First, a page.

Lightweight Touring; what to pack?

After a couple of short adventures in 2016 from a ten day trip across the water to Normandy and Brittany to a three day jolly round the Isle of Wight, I’ve had a few people ask; just what did you pack in that saddlebag? How did you get along for ten days with such little luggage? What should I be packing for my upcoming adventures?

Here I attempt to answer those questions, ans explain why it’s such a great way to travel.

Credit Card Touring

For a couple of reasons, I chose the AirBnB option over staying in a tent. Don’t get me wrong, I adore camping, but as a single female I was keen to have the security of a roof over my head, a secure place for my steed, and usually a family to chat to. For as little as £20 a night, I had the comfort of a real bed, a hot shower and often a kitchen to prepare a hearty meal after a long day in the saddle. It’s no wonder why this kind of cycling, also known as credit-card touring, is becoming so popular.

Then there’s the obvious – less weight to carry. And when you’re looking at hundreds of miles or tackling mighty climbs, it makes all the difference. With my Alpkit Koala I barely even noticed it there, rather than hefty panniers weighing down my every pedal stroke.

Packing light and staying indoors is a great way for anyone to get into multi-day trips. No expense of lightweight tents, sleeping kit and panniers to worry about, it’ll be a good introduction to touring without the initial outlay and extra risk.

So what did I pack for my trips?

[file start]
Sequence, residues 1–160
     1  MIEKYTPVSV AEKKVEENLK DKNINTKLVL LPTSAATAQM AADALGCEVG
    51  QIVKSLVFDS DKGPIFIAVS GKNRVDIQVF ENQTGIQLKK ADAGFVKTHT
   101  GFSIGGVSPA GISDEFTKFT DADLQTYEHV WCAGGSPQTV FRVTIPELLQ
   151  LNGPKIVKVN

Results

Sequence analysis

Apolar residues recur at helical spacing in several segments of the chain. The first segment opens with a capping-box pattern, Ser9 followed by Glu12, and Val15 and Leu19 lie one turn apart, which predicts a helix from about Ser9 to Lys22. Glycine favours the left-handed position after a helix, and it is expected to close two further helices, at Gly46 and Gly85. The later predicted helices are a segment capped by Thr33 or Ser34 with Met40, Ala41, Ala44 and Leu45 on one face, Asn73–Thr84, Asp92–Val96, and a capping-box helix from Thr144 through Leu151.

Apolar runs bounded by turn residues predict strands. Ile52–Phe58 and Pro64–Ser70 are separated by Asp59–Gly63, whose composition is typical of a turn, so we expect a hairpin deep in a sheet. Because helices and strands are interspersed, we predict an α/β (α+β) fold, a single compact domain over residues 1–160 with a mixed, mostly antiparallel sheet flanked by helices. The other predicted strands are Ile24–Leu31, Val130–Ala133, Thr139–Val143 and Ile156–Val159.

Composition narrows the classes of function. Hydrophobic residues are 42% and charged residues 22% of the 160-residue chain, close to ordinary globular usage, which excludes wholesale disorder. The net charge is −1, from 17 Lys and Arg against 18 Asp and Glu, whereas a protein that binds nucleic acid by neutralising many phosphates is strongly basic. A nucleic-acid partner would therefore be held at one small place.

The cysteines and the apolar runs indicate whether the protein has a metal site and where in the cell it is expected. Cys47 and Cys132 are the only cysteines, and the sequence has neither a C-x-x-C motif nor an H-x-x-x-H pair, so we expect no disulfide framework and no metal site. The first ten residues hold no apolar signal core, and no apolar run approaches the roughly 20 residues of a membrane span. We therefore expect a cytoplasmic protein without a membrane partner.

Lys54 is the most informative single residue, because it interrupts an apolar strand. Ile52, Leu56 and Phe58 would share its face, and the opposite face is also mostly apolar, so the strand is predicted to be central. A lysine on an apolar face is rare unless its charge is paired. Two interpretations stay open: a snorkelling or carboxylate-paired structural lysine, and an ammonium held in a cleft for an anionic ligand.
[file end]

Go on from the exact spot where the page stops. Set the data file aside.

1. Cycling kit

Let’s start with the most important first; bib shorts – the comfiest you can find. It may cost an eye-watering amount for just a slip of thin lycra but finding the best pair for you is essential. From personal experience, Assos, Rapha or high end Castelli bibs seem to be the best. One pair to wear is fine, which you can wash in the shower with the rest of your cycling kit when you arrive at your home for the night. Shampoo will do, or laundry liquid if available. It’s key to wring out well, before placing kit in a bath towel and twisting tightly to force the moisture out of the kit into the towel. Hang damp kit near radiators or from hangers to ensure it’s dry and fresh for tomorrow’s ride.

To mix it up a bit, you may want to take a spare jersey and a second pair of socks. These aren’t strictly necessary but it’s nice to have a change. Look at the forecast and always pack for the worst; a lightweight rain jacket, arm and leg warmers, and if you’re not riding in summer then you’ll be looking at overshoes, thermal and windproof layers as well as hats and gloves. Sunglasses for summer.

2. Bike stuff

The essentials go without saying; spare tubes, a pump or CO2, tyre levers and a multitool. Your destination will determine what else you’ll need, although travelling close to towns in the UK and France I was never far from a local bike shop for spares for more serious incidents. Don’t forget two bidons – you don’t want to go short of water.

3. Casual kit